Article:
Progress on the tire maintenance/repair project:  I resolved the questions about a compressor.  The only 12V air pumps I could find were really expensive.  So I opened for a small 120V compressor, which was on sale at Amazon.  I've been playing with it on and off and it does the job, although it does take a long time to take the rear tires all the way up to 80# like they want. This means I do have to run the generator in the rig to make AC for it, but I figure that's OK.  The genset should get more regular use anyway. So the only remaining part of the tire projects is a log wrench.  The universal problem is that shops use pneumatic impact wrenches and almost always put the lug nuts on way to tight.  The rated lug-nut torque for my Ford E450 Superduty chassis is about 150 foot-pounds, and apparently it's not unusual for tire guys to put them on with something like 400 foot-pounds.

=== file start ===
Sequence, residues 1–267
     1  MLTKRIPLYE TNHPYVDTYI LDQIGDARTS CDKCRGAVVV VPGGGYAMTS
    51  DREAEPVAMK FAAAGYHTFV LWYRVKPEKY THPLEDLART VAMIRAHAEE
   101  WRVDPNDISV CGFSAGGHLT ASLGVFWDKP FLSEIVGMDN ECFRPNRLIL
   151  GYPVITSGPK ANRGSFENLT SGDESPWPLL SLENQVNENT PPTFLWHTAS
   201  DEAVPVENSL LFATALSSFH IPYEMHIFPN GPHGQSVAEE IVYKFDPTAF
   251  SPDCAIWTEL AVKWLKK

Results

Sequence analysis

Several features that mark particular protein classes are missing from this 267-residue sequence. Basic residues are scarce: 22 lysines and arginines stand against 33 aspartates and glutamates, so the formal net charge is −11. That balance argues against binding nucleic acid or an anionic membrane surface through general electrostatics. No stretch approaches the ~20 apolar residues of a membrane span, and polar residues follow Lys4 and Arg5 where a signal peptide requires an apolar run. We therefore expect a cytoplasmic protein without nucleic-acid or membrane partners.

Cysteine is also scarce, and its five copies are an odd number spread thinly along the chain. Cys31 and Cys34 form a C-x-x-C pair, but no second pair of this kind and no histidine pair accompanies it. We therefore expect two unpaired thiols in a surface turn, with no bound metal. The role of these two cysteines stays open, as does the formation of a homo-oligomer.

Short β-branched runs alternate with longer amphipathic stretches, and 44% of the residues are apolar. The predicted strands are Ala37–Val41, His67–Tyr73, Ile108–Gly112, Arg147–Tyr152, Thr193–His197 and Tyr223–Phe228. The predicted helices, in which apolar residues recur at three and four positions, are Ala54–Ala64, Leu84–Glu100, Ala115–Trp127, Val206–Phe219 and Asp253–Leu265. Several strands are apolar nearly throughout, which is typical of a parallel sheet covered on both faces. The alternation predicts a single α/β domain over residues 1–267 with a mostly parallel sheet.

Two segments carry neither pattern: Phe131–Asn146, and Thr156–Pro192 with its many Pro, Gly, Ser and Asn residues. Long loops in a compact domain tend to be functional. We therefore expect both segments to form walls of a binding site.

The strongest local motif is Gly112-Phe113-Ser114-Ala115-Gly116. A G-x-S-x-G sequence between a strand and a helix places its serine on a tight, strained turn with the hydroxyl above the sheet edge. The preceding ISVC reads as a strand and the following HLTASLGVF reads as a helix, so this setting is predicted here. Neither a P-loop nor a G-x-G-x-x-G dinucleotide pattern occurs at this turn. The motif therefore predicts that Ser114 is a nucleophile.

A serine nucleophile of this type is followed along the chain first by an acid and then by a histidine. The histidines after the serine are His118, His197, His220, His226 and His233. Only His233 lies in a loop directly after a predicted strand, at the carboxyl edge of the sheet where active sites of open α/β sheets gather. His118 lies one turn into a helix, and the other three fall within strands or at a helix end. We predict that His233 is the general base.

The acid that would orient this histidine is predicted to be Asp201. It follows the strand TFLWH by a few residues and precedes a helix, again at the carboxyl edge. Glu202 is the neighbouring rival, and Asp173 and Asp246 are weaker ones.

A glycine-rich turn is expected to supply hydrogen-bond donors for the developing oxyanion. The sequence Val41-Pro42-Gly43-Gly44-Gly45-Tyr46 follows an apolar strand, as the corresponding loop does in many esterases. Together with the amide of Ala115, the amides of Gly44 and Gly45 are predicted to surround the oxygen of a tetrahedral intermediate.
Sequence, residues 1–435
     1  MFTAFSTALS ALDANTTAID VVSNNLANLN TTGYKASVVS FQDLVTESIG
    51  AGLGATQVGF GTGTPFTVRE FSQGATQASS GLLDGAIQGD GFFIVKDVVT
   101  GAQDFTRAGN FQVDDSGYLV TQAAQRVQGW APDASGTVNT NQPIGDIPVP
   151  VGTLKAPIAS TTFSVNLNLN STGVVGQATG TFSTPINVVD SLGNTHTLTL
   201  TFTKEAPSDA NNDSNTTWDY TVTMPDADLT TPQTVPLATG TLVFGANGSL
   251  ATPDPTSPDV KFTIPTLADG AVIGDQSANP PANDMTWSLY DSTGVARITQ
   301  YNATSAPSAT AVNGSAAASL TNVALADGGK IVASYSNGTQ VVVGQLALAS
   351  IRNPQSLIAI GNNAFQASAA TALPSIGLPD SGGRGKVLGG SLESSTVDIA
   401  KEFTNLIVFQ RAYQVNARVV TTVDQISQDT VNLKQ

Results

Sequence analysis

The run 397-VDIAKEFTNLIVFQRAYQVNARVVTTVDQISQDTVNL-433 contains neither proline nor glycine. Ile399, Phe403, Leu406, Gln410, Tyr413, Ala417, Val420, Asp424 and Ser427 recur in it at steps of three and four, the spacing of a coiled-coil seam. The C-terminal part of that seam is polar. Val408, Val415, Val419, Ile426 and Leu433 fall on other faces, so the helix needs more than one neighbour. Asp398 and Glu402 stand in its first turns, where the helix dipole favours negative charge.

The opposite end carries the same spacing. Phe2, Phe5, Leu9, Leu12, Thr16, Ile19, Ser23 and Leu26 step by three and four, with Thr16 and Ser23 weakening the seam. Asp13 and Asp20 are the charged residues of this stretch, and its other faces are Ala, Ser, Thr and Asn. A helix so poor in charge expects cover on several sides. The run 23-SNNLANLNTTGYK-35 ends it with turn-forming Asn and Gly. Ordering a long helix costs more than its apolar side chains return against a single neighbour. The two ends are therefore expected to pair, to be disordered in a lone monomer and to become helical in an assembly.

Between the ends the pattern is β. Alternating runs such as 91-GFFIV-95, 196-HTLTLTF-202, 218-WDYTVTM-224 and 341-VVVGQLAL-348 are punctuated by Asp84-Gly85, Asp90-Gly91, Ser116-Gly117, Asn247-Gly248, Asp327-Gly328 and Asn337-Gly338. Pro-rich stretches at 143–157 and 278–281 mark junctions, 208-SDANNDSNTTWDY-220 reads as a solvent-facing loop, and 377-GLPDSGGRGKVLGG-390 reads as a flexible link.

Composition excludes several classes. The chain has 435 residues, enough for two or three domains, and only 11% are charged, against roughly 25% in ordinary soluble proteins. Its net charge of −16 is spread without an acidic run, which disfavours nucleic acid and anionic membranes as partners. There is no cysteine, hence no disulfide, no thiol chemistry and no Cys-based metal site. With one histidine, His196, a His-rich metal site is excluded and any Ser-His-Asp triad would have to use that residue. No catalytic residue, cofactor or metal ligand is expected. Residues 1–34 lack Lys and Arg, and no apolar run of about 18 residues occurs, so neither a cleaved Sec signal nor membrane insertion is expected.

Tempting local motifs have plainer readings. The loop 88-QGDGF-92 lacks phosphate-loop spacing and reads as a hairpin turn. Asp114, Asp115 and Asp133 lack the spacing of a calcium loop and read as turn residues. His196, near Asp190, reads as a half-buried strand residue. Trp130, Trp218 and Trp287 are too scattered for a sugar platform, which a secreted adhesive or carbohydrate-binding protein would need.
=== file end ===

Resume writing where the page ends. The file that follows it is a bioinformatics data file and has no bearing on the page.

So I'm picturing myself in a pouring rain, trying to remove one of the inside tires on my dually  rear axle.  Yuck!  There are lots of alternatives, ranging from a monster lug wrench to a breaker bar to my own pneumatic lug wrench (I've got the compressor, right?)  Some of these are expensive, some not.  This project has consumed a chunk of travel change already, but I'm almost done. With the compressor, it should be easier to keep the tires properly inflated, which will keep them happier and last longer and make it less likely that one will fail on the road.

It's looking less likely that I'll get on the road before Christmas.  Scattered appointments and holiday social events and some damn cold weather are interfering.  We had a stretch of nice warm weather which I talked about in the previous post; now we're having a stretch of record cold, with overnight temps in the 20s. And there's no place much warmer closer than, say, Florida.  Not going there.

So maybe it's time for ...

Merry Christmas!

Sunday, December 6, 2015

Still in Tucson. Good weather for maintenance chores.

In Tucson, enjoying the great late Fall weather.  After a cold snap when the overnight temps got down below freezing for 4 days in a row, we're in a stretch of above-normal temps: mid- to upper-70s during the day.  Cloudless.  Calm.